Perhaps you already know about the “Delphi virus” which is in the news these days. I would not enter (again) in the details of this. There is already enough virtual ink on this. For example, Marco Cantu summed up some links on the theme. Also Craig Stuntz has a nice post about this.
But now in the wild is a 2nd ‘virus’ with a much more dangerous ‘payload’ that the former:… mass-media misinformation. This thing can damage Delphi way worse than any other virus, Delphi specific or not. For example, from this cNet article I don’t really know against what is written the article: against the worm or against Delphi?
I don’t imply that in the wild are ‘human’ malware but, once again, we can see how bad ignorance can be. To sum up all the misconceptions:
- Is anybody still using Delphi? Yes, sure it is. The user base is anywhere between 1 and 2 millions. Ok, we know that the TIOBE index is somewhat approximative but sometimes it gives a general overview on what’s going on… …and things are encouraging because now we are before to a release – the most quiet period on Internet, when everyone waits.
- Is it alive? Sure it is. Delphi 2010 is the first RAD development tool which provides Natural Input Methods out of the box for Windows XP and newer. Is the first RAD development tool certified for Windows 7. The only one RAD development tool which provides out of the box a n-Tier solution capable to link the native code, .NET and Java worlds. If this isn’t ‘alive’ then what is?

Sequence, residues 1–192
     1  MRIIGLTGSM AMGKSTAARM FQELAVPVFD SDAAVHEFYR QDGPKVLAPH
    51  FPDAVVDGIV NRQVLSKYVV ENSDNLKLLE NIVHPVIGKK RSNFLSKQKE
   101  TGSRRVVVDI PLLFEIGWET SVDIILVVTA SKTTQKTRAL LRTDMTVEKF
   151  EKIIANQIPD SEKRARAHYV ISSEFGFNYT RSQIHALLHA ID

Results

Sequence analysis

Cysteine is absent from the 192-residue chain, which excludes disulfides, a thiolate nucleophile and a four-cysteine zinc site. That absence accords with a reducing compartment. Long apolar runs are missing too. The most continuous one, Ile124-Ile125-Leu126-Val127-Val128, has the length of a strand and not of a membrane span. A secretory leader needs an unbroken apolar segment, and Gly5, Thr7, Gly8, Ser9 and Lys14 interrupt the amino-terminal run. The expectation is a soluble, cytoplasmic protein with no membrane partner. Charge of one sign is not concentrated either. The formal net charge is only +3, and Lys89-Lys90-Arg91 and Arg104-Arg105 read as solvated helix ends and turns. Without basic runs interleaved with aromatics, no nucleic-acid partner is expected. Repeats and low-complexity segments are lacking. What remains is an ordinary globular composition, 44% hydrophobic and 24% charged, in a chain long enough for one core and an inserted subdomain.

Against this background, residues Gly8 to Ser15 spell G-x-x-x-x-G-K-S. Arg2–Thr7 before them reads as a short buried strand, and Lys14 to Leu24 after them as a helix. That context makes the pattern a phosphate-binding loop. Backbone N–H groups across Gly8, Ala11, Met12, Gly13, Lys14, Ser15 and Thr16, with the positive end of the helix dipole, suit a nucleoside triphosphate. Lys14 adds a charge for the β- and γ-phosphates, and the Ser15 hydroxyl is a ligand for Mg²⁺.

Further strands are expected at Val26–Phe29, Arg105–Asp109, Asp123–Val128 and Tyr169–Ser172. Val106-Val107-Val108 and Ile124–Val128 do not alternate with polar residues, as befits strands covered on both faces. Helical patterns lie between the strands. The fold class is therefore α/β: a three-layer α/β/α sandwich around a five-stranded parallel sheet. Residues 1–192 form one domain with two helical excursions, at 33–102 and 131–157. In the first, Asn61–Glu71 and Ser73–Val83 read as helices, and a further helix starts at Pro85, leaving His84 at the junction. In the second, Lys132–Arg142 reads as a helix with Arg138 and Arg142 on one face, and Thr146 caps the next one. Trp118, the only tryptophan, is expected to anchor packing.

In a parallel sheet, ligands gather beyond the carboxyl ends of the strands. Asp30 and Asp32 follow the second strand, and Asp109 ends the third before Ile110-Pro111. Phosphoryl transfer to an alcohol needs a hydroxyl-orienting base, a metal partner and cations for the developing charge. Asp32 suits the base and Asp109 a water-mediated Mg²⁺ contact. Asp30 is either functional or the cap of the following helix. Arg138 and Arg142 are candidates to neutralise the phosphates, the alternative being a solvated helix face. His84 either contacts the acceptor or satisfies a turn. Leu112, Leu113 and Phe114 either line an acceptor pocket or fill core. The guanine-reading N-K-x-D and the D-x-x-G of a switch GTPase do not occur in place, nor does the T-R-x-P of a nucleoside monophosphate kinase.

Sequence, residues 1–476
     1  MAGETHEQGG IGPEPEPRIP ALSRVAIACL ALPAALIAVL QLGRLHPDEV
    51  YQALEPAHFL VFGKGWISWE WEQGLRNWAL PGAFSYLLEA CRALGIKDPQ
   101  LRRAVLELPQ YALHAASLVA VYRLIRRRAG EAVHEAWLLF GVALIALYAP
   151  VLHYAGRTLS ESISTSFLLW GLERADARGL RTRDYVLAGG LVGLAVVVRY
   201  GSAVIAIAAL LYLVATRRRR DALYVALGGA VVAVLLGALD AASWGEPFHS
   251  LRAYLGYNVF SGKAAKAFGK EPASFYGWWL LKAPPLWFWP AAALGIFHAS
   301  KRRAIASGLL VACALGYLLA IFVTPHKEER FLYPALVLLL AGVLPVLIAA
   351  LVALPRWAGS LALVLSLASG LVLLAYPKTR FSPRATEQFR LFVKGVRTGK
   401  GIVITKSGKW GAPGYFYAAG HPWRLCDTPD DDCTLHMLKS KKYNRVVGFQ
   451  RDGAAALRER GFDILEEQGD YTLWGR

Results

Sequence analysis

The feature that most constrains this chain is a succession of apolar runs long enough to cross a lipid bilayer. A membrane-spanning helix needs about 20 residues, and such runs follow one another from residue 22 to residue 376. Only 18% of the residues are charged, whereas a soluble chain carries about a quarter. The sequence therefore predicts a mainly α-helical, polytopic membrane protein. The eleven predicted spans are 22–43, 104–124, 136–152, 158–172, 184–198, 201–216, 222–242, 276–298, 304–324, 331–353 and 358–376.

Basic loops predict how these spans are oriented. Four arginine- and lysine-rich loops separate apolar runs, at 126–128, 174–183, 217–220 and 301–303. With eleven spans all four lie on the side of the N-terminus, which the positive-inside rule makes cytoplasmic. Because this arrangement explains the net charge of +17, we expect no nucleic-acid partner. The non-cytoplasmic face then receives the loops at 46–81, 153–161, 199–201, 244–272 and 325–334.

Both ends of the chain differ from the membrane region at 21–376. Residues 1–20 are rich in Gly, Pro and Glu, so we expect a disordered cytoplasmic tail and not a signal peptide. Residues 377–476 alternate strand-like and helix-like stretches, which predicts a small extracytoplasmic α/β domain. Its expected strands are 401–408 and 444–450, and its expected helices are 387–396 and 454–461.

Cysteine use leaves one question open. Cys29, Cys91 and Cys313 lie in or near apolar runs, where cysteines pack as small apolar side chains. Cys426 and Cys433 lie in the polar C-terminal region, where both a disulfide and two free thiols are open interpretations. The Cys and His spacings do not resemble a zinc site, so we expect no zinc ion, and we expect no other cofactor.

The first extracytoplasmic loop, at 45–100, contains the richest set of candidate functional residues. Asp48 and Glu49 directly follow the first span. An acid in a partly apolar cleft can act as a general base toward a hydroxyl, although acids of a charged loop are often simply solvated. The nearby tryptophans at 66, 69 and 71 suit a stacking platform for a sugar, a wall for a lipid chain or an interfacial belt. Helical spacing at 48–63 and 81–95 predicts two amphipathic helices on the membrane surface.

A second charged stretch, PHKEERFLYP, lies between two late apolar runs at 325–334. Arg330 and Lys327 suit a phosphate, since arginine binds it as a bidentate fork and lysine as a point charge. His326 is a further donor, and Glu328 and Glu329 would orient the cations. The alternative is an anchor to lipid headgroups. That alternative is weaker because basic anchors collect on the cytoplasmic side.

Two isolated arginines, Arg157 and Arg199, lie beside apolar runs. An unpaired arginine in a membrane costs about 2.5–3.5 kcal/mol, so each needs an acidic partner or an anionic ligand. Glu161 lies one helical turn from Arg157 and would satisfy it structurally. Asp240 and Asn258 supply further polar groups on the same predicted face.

- Is Delphi infected? The worm infects a file from the distribution kits of Delphi 4 till Delphi 7. Delphi 7 was released in 2002. 7 (seven) years ago. Why nobody says that from then there were 5 (five) releases in between. Delphi 2010 will be the 6th release. And still the guys from Embarcadero are aware of this and will handle the matter. So, anyone which has a (by a wide margin) up to date Delphi version is safe. Why nobody says this?
- Is Delphi weak? The same form of attack, or perhaps even worse forms implemented with less effort, can be implemented for Java, .NET family of languages (there are even tools and videos (!) how to do it), C++, Ruby etc. For me it seems much more simpler to add methods to a Java system class that opens an hole, and then put that changed class into the .jar file and deploy application out to millions and it would have a backdoor exploit. Why they try to leave the impression that Delphi is the only weak one?